As he plopped a pair of bright orange Chinese wolfberries and splashed a shot of Coca-Cola into a glass of French burgundy, Hu Chen turned very sage.

Over the din of a syrupy Mandarin love song, the ponytailed bartender intoned into his concoction: "United Nations."

"There's a little United Nations floating in this glass," Hu continued, pondering the brackish concoction. "French, American and Chinese."

Twenty years of reform have brought a lot of things to China. It's brought rock-and-roll, corruption, a skyrocketing economy and skyrocketing unemployment. It's brought a sex craze and sexually transmitted diseases, traffic jams and unparalleled travel. It's brought crime and crime novels, unprecedented freedoms and tough political crackdowns.

It's also spawned some of the world's weirdest beverages.

Chinese essentially drank four things 20 years ago: tea, beer, grain alcohol and tepid boiled water--the last reserved for when they were sick. Now the world's most populous nation is experimenting with all sorts of libations. Some of them are incredibly tasty. "Freshly squeezed cucumber juice," enthused William Brent, an entertainment impresario from Washington, who now lives in Shanghai. "It was great!"

Some of them are incredibly strange.

There's green snake-bile wine for those who need a Viagra-like jolt; there's a creamed marzipan beverage that is hawked as a skin restorative. A trendy potion among bureaucrats is made by blending a tablespoon of vinegar (even balsamic in some highfalutin circles) with a glass of Sprite. It's called Beverage No. 1, because President Jiang Zemin favors it.

Researching China's refreshments is not simply a culinary escapade for a courageous gourmand, a liquid lark for a brave epicure. An on-again, off-again exploration of Chinese drinking habits, pursued lovingly and sometimes loathingly, over the past year, also reveals much about China's social and economic changes and challenges.

In wine-bar cabarets and coffeehouses, you find the mad rush for an often very bizarre form of westernization. In the obsession with wacky colors, you appreciate the profundity of the all-out victory here of kitsch over communism. In the number of grain alcohol brands, 38,000 at last count, you can begin to contemplate the intensely fragmented nature of the Chinese market. In the lightning swings from one beverage to another, you feel the power that fads have to sweep through a restless urban population. In the massive smuggling of wine into southern China (experts say China's imports of red wine are actually three times higher than statistics show), you begin to understand the severity of the struggle against corruption.

Last year, the Coca-Cola Co., whose carbonated drinks dominate China with more than 70 percent of market share, launched a shockingly kaleidoscopic line of soda, aptly called Xingmu, or "eye-catching." Coke brought out the many-colored drinks because the government had demanded that the American giant create a product especially for China. Coke has invested $800 million in China but found that lately its desires to expand its investment are strongly opposed by Chinese officials who want to promote national brands, like a Coke knockoff, Future Cola, and a drink called Jianlibao that tastes like liquid metal.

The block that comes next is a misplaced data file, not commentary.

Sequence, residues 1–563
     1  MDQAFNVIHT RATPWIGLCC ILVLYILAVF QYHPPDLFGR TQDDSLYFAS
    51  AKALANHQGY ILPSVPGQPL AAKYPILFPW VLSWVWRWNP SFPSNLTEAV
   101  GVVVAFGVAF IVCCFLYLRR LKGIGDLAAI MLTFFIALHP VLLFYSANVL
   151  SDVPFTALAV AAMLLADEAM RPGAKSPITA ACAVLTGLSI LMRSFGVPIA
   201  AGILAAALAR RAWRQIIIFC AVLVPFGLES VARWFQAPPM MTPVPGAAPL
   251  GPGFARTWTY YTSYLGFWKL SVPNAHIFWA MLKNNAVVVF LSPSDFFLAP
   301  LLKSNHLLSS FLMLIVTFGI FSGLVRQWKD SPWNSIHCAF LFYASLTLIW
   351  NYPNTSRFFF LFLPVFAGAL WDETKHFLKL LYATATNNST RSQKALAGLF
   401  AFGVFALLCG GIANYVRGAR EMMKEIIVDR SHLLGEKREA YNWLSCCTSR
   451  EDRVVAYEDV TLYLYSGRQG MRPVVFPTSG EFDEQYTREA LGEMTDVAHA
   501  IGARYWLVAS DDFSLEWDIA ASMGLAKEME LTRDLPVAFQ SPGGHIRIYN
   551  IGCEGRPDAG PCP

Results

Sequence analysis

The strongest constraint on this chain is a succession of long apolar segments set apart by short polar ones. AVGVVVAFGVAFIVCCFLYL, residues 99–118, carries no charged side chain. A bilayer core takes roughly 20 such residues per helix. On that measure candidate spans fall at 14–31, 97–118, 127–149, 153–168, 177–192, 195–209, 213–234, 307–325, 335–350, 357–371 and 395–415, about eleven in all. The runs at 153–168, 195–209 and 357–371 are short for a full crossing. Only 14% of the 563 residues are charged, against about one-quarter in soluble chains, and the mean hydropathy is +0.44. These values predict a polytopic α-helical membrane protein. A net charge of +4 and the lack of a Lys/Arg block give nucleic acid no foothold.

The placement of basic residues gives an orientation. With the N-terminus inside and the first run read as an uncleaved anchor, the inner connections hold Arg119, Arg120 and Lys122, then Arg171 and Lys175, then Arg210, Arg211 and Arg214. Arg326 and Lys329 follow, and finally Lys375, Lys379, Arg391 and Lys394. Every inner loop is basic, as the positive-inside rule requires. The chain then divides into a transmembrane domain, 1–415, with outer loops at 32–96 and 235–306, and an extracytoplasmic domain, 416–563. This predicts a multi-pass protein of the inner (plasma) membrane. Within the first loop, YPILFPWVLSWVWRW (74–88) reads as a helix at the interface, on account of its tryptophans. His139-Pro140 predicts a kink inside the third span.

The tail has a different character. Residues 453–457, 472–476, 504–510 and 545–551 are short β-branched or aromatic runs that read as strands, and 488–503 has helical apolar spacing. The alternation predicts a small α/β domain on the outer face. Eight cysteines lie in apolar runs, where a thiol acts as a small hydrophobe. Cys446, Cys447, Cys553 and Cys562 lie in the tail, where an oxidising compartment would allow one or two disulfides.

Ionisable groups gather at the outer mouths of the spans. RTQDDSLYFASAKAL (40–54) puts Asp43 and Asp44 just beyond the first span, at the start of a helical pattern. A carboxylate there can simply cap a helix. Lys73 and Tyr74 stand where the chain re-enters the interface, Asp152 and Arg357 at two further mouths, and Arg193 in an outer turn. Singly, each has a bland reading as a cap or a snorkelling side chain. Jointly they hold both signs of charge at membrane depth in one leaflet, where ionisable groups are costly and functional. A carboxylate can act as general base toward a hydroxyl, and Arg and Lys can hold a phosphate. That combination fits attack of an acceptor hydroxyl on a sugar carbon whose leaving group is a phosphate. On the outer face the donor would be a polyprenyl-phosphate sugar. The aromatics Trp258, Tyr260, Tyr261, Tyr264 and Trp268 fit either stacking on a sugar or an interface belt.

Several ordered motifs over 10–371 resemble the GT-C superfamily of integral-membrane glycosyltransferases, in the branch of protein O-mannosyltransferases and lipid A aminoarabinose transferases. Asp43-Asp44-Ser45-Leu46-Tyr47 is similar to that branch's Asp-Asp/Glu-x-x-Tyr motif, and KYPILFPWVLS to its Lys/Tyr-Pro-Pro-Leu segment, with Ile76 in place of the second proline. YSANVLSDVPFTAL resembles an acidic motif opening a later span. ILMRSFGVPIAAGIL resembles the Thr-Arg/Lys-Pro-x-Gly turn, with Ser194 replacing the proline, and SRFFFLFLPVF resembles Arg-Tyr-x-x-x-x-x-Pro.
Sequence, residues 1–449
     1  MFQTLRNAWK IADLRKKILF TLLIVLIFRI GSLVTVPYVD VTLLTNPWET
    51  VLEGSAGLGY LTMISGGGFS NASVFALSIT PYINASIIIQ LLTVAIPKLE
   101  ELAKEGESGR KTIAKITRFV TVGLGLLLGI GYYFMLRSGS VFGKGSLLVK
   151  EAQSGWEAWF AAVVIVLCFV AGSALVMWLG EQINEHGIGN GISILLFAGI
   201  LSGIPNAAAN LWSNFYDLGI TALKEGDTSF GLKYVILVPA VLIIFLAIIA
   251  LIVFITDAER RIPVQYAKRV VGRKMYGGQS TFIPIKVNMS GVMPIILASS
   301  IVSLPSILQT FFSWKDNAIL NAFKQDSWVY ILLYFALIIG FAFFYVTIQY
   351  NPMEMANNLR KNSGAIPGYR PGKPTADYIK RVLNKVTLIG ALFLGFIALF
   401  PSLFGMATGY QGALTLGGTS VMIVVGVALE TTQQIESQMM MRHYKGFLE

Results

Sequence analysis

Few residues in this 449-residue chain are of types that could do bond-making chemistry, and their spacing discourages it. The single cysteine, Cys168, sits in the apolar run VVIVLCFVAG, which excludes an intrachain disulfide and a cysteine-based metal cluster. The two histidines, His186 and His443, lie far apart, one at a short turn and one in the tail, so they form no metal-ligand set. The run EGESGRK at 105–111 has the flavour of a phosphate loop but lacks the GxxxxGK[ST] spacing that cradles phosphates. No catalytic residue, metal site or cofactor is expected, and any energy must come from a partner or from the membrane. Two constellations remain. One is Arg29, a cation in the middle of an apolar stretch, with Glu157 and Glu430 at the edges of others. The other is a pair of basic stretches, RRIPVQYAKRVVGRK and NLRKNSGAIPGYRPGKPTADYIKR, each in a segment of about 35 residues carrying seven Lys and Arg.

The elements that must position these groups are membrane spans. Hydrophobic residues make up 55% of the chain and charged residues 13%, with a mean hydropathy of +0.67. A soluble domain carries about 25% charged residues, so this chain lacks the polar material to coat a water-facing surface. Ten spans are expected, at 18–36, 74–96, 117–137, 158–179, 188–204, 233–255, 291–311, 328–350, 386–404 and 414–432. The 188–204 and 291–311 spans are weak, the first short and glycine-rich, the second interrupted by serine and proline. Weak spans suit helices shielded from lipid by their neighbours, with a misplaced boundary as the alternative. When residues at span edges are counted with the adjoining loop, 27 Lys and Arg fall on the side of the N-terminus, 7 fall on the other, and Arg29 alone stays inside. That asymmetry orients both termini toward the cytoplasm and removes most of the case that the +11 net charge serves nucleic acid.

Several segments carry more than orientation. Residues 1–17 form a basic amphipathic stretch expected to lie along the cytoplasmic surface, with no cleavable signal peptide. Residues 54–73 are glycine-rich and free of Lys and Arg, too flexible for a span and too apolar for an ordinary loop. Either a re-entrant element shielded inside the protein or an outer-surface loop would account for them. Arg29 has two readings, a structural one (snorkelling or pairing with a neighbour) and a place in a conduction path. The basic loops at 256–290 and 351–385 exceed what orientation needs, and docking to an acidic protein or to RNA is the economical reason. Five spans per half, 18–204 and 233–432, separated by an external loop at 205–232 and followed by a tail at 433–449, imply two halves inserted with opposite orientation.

Xingmu's five flavors are neon green apple soda; psychedelic pink watermelon soda; a milky, fizzy coconut concoction, along with peach and orange drinks.

"The taste is so-so, but I like the colors," said Li Yue, a waitress who was serving the beverages at a Beijing news conference. "Very artistic."

The increasing popularity of wine is one of the most significant developments in China's drinking habits. Grape fermentation dates at least as far back as the Han Dynasty (202 B.C. to 220 A.D.). Today, however, wine is closely associated with the West.

As such, because many urban Chinese are attracted to the West, they drink wine.

"I like France," said Rose Li, a shop attendant at a Shanghai wine store, "so I drink French wine. I've heard Paris is very romantic."

Wine accounted for about 1 percent of China's alcohol market in 1997, but with a 30 percent annual jump in consumption, it's coming on strong.

Still, Chinese do strange things to their wines. They add Sprite, Coke, juice and other beverages. Chinese wolfberries, tiny, bright orange dried fruit with a pungently bitter taste, are dropped in for medicinal reasons. Wine is still regularly chug-a-lugged because more Chinese associate wine with a night at the karaoke bar than an elegant dinner.

Coffee too, once lambasted by Communists as "the tail of capitalism," has profited from its politically incorrect status and is popping up everywhere. Now, it's almost as popular on Chinese airlines as tea. And cozy coffeehouses line the streets of some cities, like Chengdu, Shanghai and Guangzhou. Beijing boasts two newly opened Starbucks coffee bars. In the southern city of Shenzhen, a local chain called Coffee English, has opened six outlets and is doing a brisk business.

Business executives seeking to profit from these fads run the risk of getting burned by the fickle nature of China's modern consumer. In 1996, a "coffee boom" was predicted. Government coffee traders imported 12,000 tons of beans, more than five times the the previous year's imports. The coffee market crashed. And the beans are still in government warehouses. The red wine fad is fading these days as well.

The beer market is just as crazy. In 1997, China's 550 breweries cranked out almost 5 billion gallons, second only to the United States. Just six years ago, only four foreign beer companies had invested in China; now there are 40, the fastest pace of foreign investment of any beer market.

CAPTION: A waitress in a Beijing restaurant prepares a drink by soaking snakes in alcohol. The concept is something like tequila with a worm in it.